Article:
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9 hours ago, PaulS said:

I think you are missing my point.  In short, I think we have been handed a glorified version of Jesus, written by faithful adherents who have a desire to paint Jesus and his message in a particular way.  So in essence, I suspect there was an awful lot more to the 'real' Jesus than what is portrayed in the NT.  But we don't have that.  So I was simpy interested in other people's speculation about how Jesus may have been.  

I don't think there was a 'cover up' per se of an alternative Jesus, demonstrated by several glimpses of very human behaviours of Jesus that did make it into the NT (cursing the fig tree, losing his cool in the temple, speaking down to non-Jewish 'dogs', etc), and I think it would have been entirely natural for Christian writers/editors to leave out or edit out the bits that didn't quite paint the 'Jesus of Love' portrait that was largely the picture painted.

I'm not saying Jesus' words and actions that we do know of aren't paramount, I'm just asking about the words and actions that we don't know of and entertaining the notion that if this 'fully human/truly human' ideal is not perhaps a bit of biased reporting, when in fact Jesus' fully human-ness may actually be more human that what we care to consider. 

I couldn't care less about 'sin' because I don't believe there is any 'sin' per se.  We do things - they have consequences - whether those consquences are seen as positive or negative is perhaps the closest I get to calling something 'sin'.

Perhaps I am unique in this regard then.  Although, certainly a couple of thousand of years ago the author of the Infancy Gospel of Thomas felt there was a need to document Jesus' childhood.  Maybe it's just me and that single author then who are the only people in the world that like to think about what influences a great person and makes them become who they become.

 

I didn't miss the point and it is a version in which the writers already know (believe) Jesus is the Messiah and his resurrection the first step in the fulfillment of God's plan, so, sure, that is the focus, 'glorified' in this sense and no real interest in the minutia of his life. Jesus is 'painted' a particular way in an effort to present the Good News. 

I suspect the 'awful lot more' is the stuff of any life and has no impact, or better, does not take away from the Jesus portrayed. However, any speculation is more about us than Jesus: the info is just not there.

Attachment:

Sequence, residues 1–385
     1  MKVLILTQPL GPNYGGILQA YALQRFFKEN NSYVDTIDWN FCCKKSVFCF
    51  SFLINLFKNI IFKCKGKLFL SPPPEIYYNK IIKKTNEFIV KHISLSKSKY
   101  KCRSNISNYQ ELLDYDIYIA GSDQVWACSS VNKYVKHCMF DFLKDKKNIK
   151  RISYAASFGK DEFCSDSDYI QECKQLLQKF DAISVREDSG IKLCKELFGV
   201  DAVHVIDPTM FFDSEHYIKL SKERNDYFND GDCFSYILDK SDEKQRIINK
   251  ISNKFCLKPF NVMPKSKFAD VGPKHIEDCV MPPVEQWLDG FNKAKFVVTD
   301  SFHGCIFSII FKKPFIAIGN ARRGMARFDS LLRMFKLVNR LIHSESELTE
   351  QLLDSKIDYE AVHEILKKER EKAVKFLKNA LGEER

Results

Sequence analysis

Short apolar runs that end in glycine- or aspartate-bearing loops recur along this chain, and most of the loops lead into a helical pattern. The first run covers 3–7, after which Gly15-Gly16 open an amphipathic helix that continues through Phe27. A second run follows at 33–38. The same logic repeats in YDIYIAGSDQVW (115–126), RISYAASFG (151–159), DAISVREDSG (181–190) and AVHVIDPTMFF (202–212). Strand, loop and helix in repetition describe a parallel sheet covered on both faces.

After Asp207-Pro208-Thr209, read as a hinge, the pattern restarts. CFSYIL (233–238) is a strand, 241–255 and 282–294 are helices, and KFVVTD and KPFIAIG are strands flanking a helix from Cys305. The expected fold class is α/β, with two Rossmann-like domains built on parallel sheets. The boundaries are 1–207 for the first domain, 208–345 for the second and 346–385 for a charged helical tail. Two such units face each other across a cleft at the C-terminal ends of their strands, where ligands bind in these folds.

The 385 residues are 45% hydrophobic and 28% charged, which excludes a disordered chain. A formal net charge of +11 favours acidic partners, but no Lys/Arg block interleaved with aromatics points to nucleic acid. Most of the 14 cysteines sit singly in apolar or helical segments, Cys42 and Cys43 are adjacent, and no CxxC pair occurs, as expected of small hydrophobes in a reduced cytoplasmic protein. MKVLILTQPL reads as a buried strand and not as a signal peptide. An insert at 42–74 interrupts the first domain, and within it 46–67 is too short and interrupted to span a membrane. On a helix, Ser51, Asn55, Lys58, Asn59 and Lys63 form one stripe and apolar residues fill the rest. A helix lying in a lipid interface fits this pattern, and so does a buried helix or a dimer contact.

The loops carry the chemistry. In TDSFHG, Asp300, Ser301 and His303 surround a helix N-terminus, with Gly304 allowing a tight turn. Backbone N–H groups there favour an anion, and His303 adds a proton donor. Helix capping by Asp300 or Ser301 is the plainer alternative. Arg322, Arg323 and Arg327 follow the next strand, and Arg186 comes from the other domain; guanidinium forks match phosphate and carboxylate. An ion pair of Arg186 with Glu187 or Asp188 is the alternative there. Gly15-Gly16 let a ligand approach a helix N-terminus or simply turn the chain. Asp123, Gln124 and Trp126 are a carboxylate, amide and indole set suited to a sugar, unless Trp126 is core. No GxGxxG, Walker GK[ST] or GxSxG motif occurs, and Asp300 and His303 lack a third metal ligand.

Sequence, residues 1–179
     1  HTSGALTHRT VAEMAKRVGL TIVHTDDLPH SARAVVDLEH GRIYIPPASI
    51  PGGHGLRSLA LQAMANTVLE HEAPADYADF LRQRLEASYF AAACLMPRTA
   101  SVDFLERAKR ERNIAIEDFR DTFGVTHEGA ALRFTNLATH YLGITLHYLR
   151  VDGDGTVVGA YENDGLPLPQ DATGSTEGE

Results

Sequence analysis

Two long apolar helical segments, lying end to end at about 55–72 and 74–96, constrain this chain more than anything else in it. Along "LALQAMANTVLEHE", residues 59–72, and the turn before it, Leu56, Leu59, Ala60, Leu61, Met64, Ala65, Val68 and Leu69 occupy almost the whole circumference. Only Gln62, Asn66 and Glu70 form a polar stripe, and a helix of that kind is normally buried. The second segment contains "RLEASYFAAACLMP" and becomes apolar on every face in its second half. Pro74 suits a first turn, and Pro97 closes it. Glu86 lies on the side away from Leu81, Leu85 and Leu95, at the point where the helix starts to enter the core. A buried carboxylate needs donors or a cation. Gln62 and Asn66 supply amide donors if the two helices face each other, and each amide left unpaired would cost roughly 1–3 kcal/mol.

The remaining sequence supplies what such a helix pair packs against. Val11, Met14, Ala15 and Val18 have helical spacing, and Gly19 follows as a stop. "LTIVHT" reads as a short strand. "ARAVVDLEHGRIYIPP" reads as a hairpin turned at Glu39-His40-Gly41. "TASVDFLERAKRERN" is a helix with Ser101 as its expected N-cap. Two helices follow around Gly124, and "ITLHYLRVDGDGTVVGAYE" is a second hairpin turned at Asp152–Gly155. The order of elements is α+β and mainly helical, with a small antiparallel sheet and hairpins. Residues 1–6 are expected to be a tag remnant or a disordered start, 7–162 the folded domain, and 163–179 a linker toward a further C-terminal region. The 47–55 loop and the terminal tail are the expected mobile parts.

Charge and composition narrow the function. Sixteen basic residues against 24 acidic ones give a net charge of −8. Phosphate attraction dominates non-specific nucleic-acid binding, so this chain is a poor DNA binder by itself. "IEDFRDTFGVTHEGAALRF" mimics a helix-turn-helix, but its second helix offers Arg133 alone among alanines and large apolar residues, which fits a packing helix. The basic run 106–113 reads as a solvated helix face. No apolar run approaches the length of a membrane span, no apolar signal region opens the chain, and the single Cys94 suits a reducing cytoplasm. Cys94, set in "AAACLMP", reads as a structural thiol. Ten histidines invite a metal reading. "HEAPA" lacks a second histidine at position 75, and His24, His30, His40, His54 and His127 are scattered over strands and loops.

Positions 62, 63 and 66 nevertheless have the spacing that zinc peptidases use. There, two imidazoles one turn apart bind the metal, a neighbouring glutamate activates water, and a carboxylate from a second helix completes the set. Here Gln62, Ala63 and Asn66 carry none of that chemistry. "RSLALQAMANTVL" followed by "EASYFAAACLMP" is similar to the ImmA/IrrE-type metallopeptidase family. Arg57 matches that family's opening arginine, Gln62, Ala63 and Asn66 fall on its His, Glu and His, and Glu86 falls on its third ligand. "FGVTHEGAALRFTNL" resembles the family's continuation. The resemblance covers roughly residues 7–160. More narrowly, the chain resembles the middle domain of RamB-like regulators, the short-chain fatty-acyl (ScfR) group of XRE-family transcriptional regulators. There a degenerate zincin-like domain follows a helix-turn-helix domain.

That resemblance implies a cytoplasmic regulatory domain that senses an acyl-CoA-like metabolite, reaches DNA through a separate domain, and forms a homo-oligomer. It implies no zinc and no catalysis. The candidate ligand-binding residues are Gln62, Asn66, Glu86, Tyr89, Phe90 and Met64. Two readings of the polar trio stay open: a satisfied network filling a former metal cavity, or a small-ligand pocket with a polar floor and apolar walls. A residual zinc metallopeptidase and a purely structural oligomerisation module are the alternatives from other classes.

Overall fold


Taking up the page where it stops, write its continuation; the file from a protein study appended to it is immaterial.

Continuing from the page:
Actually the things you mention would typically be considered the 'things' people would leave out: as evidenced by your position, they raise questions. That they are present speaks volumes. However, as previously mentioned, I have read extensively on these stories and there is more to it than you seem to allow, even when presented with this information. 

I totally agree, hope and believe that Jesus was human like the rest of us. But I grew up with people who didn't swear, didn't drink, liked girls but didn't use them and brag and some who were virgins into their later teens. I for one never had the need or desire to 'rebels' against my parents although they probably didn't know we occasionally went into NYC while in high school. So, even what is 'normal' behavior is not universal when it comes to kids or teens or young men/women. However non of this is determinative of being/becoming fully/truly human. This is not determined from the beginning, it is, like all growth, a process, whose twists and turns are not identical (nor are they sinful). All the things you speculated on are, for some, part of their 'fully human-ness' and do not, whether they are done or not in one's life. take away from becoming fully/truly human.

I use sin because of the association with Jesus. However, interestingly, you have defined sin.

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16 minutes ago, thormas said:

I suspect the 'awful lot more' is the stuff of any life and has no impact, or better, does not take away from the Jesus portrayed. However, any speculation is more about us than Jesus: the info is just not there.

That's fine if that's enough for you - it just isn't for me, and I like to ponder what else might Jesus actually be like.  If I were to regard somebody as the embodiment of being truly and fully human, I'd probably like to know what guidance they can provide on living life - like how to manage a marriage, how to raise children, how to behave during active combat for your nation, how to deal with political ideologies in a democracy, how to deal with criminals in society, etc - I could make a list with a thousand bullet points but I just picked a couple to get the conversation going.  But no problem if you're content with the Jesus presented in the NT and don't need to have any consideration for his influences, role models and experiences in the greater than 90% of his life than is portrayed in the NT.

16 minutes ago, thormas said:

Actually the things you mention would typically be considered the 'things' people would leave out: as evidenced by your position, they raise questions. That they are present speaks volumes. However, as previously mentioned, I have read extensively on these stories and there is more to it than you seem to allow, even when presented with this information.